By Christopher Trela | NB Indy
“Third time’s the charm.”
That was my hope when I was invited to Las Brisas recently to sample the restaurant’s new patio menu courtesy of new executive chef Jay Scollon, a graduate of the Le Cordon Bleu School of Culinary Arts in Pasadena.
Scollon comes to Las Brisas after a stint as executive chef for a small restaurant group in Culver City specializing in a gastro pub fare. Prior to that, he worked in several upscale kitchens including Hatfield’s, a Michelin star-rated restaurant in Beverly Hills.
He replaces chef Matthew Robinson, who helmed the Las Brisas kitchen for less than a year before departing several months ago.
Robinson created a burger that wowed me: a patty made up of sirloin, short rib and brisket, cooked to order and piled atop a brioche bun with bacon onion jam, Havarti cheese, foie gras aioli, and a fried egg, accompanied by perfect house-made chips. Yes, foie gras aioli.
That burger is gone. The new Brisas burger has bacon, roasted green chilis, charred scallion aioli, pepper jack cheese, lettuce, tomato, packed inside a brioche bun with a side of battered fries. The burger is very good, but less adventurous than its predecessor and possibly more in line with the Las Brisas clientele.
And that’s the challenge for Chef Scollon, the third chef to oversee the cuisine at Las Brisas in 12 months. Las Brisas is renowned for its coastal views and fun vibe. So how do you elevate the menu without alienating diners looking for good food that won’t surprise their palates?
Scollon has made a good start with the menu served on the patio and in the cantina. Three fellow foodies and I enjoyed classic margaritas and sampled several items from that menu: chips and guacamole (apparently a Las Brisas staple. Sous chef Kelvin Crisostofo said they go through 20 cases of avocados daily), charred asparagus (a nice switch from charred brussels sprouts), a trio of pulled chicken tacos, and the burger, among others.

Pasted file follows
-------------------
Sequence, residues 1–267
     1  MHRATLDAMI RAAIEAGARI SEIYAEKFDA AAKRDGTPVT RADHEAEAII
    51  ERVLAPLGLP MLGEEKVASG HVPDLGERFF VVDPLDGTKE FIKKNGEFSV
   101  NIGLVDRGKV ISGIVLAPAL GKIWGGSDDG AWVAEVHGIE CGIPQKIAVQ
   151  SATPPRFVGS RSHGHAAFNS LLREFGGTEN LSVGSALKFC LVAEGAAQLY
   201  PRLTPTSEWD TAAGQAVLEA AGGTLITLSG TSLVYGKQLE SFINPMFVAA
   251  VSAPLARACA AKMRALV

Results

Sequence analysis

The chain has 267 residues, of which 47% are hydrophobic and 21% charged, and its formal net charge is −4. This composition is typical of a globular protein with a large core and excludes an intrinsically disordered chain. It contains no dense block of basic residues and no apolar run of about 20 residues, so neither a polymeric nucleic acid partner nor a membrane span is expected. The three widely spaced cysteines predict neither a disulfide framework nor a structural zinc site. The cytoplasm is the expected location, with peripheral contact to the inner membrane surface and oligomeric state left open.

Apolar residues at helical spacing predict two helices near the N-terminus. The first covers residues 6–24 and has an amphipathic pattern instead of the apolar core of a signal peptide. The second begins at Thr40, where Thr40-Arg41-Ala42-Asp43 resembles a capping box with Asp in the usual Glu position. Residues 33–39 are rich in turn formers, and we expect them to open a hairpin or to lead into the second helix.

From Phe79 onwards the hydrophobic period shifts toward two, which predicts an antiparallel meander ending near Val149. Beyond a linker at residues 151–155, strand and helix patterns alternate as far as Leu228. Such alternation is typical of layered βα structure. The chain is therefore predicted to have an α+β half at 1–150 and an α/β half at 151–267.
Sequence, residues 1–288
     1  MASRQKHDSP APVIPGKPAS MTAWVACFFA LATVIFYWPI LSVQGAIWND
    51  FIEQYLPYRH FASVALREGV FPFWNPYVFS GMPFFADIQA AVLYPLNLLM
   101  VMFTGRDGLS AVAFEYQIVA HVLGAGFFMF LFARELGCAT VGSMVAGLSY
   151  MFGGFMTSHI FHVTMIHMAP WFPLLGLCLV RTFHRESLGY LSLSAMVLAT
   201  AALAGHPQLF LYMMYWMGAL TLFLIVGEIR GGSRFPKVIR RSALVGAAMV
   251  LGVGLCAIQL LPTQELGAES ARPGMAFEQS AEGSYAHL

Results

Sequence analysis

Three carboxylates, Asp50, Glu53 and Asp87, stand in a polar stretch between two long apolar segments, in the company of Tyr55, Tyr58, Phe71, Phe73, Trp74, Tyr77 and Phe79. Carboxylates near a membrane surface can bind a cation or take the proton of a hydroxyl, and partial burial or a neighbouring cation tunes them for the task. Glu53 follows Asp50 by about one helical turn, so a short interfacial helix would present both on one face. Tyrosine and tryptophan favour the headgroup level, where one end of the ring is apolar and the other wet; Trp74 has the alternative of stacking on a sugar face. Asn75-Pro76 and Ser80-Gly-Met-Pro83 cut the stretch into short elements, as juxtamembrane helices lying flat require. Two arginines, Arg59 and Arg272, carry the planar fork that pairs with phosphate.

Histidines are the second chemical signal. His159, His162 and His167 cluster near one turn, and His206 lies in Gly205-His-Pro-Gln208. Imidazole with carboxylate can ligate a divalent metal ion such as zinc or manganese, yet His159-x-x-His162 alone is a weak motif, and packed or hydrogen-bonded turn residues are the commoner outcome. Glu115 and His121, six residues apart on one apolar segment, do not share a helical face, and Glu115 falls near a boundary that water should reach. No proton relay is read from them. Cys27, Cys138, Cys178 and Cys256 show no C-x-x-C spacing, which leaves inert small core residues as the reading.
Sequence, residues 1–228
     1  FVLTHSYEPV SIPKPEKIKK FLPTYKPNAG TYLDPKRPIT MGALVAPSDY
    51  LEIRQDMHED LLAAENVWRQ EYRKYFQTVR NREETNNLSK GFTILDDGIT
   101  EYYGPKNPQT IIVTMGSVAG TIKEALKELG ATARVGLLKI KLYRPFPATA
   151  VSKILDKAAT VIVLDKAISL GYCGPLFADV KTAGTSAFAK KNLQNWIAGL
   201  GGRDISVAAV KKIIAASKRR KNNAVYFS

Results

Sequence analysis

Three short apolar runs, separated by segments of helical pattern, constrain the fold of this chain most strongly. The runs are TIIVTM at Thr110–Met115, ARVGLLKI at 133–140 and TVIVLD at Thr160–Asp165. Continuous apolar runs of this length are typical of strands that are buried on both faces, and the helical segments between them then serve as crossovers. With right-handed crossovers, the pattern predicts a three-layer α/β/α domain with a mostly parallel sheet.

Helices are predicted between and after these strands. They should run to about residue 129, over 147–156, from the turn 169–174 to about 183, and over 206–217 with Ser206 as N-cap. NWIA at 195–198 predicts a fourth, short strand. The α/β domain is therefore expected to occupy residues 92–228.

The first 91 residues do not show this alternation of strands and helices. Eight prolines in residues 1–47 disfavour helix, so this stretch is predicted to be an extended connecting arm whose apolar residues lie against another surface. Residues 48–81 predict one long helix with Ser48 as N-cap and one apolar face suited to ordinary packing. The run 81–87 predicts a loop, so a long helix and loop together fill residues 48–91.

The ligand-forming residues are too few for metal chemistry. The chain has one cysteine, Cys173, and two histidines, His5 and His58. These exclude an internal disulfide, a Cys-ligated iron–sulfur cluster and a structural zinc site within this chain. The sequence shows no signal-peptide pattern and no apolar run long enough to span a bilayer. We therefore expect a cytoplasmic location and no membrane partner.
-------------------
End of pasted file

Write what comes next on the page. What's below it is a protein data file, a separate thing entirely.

Four different tacos are listed on the menu: ahi tuna, short rib, roasted portobello, and chicken tinga. The tacos are three for $22 so we ordered three different ones, but quickly discovered the order must be three of the same tacos. Apparently, the cooking times vary for each taco, so it makes it easier to ensure the food comes out properly. As the general manager told us, “we make everything to order. We want our guests to get the best possible experience in terms of what they are eating and our ability to execute it seamlessly every time.”
We settled on the shredded chicken, but were disappointed to not have the option of trying three different tacos.
For those who have not been to Las Brisas lately, the restaurant went through a makeover including a renovated bar and refreshed interior. The restaurant is open for breakfast at 8 a.m. Monday thru Saturday; happy hour runs 3 to 8 p.m.
Photos by Chris Trela
The newly constituted burger on the Las Brisas patio menu.
Chef Jay Scallon